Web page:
Most people are worried about the rise of China - our new overseer. People are frustrated by a "jobless" economic recovery - something that has proven less of a recovery than an induced coma. And our neighbors are weary of the changing world - a place where America is no longer a dominant hegemony.
Some long forgotten general once argued that the only good war is the war never fought. His name is lost, but his message is as important now as then. We must remember that in the future. However, in the present we must keep faith with those we sent in our name.
Since the wars began we have made progress in our care and support for veterans; most of this has been accomplished in the last thirty-six months.
Veterans today receive better medical care than any previous era; we have sought modern solutions for evolving problems. But we have far more work to accomplish.
Today, I am asking you to make Veterans' Day your own personal day of action. Spend a few hours today and honor the service of the troops by using your time to improve their lives.
One person can accomplish little; a nation of persons can transform the universe. It is time we begin that transformation. Consider the following actions and make a difference.
First, we need Senator Wyden to pass his “soft-landing package” for our National Guard and Reservists. It is a solid agenda and he needs to hear you tell him that. Call him, write him - let your voice be heard.
Second, call, email, text, and write all our other members of Congress: then do the same for all the Congressional members you can reach. Tell them - tell them that the Congress must act - that We the People can and We the People must do right by our troops and their families.
Congress will not act unless your voices ring from every neighborhood from coast to coast; together we can make that happen.
After you contact Congress, contact your legislator. Tell them that Oregon needs to maximize the progress made in the 2009 Legislative Session. Tell them that you want our veterans' given the advantages necessary for a good life. And tell them that implementation of good veterans' policy is more than politics - that it is the fair and just thing to do.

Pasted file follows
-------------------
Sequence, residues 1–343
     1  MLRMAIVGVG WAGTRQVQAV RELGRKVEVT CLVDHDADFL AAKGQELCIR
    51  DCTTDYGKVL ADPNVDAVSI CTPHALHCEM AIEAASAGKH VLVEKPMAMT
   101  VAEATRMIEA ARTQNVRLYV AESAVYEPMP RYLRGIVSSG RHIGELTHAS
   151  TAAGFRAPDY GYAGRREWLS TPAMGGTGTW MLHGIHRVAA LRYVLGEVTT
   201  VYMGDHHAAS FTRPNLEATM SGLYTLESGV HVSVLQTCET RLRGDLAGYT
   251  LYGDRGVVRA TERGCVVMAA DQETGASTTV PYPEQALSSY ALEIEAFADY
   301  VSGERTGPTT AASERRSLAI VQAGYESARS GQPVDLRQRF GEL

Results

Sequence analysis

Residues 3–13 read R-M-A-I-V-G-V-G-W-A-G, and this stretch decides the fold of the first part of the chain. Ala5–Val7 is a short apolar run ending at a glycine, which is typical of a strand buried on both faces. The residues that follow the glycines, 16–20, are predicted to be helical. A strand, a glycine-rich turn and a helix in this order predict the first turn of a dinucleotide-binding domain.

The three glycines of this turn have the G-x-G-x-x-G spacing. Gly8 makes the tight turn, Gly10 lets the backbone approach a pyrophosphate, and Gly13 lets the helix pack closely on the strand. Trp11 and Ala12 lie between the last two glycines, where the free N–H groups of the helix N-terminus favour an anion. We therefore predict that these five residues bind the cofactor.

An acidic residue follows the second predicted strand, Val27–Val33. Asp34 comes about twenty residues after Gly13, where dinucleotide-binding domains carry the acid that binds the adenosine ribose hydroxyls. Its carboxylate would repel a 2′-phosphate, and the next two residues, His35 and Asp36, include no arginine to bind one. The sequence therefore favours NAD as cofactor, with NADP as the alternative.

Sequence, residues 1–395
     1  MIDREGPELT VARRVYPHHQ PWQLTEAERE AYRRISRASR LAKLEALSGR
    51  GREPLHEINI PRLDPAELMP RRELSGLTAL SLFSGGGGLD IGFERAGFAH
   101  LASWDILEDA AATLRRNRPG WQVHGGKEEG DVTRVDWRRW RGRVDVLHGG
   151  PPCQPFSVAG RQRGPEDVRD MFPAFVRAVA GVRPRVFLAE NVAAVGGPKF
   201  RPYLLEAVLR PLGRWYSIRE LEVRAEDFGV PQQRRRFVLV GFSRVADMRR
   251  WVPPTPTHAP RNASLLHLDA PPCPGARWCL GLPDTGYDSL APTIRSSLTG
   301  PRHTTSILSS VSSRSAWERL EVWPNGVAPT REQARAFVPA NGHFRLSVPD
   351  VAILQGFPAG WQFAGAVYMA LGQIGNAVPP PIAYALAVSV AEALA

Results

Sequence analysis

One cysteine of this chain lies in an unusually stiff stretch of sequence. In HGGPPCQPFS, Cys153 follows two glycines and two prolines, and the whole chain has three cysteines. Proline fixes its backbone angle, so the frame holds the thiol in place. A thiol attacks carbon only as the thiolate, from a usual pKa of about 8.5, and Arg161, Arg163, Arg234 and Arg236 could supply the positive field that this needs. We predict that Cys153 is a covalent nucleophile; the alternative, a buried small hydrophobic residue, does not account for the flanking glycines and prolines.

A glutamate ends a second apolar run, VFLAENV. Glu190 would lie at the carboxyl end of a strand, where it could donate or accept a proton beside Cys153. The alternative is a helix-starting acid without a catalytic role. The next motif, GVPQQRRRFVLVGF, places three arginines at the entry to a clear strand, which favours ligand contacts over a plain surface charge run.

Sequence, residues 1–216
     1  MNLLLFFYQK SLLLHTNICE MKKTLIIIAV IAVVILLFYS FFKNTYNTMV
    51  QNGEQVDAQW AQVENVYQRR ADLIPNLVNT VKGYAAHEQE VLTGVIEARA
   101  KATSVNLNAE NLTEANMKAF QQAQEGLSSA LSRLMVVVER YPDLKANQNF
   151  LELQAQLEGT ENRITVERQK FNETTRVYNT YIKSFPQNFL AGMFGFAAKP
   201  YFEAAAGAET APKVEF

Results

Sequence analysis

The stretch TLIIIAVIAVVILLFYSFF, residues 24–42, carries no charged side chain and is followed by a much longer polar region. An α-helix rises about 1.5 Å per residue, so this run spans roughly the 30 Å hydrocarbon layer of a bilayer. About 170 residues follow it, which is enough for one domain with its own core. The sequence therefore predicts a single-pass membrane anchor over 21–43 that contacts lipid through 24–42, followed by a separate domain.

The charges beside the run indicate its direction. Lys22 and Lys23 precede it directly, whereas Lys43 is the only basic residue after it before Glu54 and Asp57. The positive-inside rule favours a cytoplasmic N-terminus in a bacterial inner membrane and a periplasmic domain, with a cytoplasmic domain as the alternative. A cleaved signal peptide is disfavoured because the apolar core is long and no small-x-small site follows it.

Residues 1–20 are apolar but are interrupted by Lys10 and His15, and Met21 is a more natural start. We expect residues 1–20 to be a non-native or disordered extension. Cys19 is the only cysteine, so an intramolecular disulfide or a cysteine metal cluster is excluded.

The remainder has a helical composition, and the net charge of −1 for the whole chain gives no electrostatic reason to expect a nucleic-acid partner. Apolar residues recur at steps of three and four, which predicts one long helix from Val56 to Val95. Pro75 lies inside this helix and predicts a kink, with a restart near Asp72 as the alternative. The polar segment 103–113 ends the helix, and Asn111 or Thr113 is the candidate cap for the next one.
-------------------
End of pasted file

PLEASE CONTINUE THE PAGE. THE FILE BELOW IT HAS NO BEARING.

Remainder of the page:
Ask them to support the work of the veterans' task forces on reintegration, transportation, and women veterans' healthcare. Remind them that you care about these issues; remind them why they wanted to serve in Salem in the first place.
Finally, seek out information about what is going on in your community. Right now we need you to reach out to your neighborhood association, your congregation, and your service clubs.
There are things we can do this next year that do not require legislation. We can make ending homelessness among veterans' a reality. We can develop tailored local solutions that link needed healthcare services, spaces for living, and hunger initiatives.
Tonight - this Veterans' Day - somewhere between 7,000 and 15,000 homeless veterans' will seek shelter from the cold. What does it say about a community when it allows the men and women that served on our behalf - to seek shelter from the wind under bridges, in forests, or on the streets?
It says we have forgotten what matters; we have forgotten that our nation survives through the willingness of men and women to risk life and limb for our benefit. And it says we have work to do.
Today you have an opportunity to make a conscious choice. You can shrug and move along with your holiday - or you can stand up for those that stood for you - each of us must make our decisions, we must live with our own demons.
If you want to help - we need you. If you know of a successful program - no matter how small - that helps our homeless - especially homeless veterans - email me and share what you know.
If you are unsure of how to help veterans - but want to help - email me. We will link you up with appropriate partnerships in your neighborhood.
Email me at VeteransDayPromise@gmail.com or call me at 503.949.6378.
We need your ideas – we need your personal involvement. And even though we cannot help every veteran we most certainly can help some veterans.
Let us renew the meaning of Veterans’ Day in 2009.